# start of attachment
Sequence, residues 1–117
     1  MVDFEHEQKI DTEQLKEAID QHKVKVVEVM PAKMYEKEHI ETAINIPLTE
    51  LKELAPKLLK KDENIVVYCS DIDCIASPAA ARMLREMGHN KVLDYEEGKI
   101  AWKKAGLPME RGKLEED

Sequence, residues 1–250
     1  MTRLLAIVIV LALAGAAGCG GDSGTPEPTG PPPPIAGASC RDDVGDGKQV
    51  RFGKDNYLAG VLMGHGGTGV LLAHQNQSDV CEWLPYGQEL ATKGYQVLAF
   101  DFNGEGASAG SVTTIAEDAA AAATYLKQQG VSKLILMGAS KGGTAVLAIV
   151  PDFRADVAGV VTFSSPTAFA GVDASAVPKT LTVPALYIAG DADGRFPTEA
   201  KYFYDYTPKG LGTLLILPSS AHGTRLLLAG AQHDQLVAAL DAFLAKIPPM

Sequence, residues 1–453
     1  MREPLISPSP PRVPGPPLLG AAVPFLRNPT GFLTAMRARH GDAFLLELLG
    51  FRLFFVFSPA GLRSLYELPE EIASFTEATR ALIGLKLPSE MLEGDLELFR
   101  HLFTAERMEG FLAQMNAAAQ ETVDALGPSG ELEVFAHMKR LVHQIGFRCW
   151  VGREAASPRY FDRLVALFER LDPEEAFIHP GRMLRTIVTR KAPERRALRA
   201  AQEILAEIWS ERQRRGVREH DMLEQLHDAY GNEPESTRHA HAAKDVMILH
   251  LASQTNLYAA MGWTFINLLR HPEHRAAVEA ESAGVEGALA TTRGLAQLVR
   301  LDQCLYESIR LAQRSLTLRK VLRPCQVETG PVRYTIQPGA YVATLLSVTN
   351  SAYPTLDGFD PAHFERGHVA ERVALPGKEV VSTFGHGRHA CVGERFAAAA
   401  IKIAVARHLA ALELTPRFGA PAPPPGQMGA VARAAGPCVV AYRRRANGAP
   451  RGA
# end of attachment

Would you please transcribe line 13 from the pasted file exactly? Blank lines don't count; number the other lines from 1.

    51  FRLFFVFSPA GLRSLYELPE EIASFTEATR ALIGLKLPSE MLEGDLELFR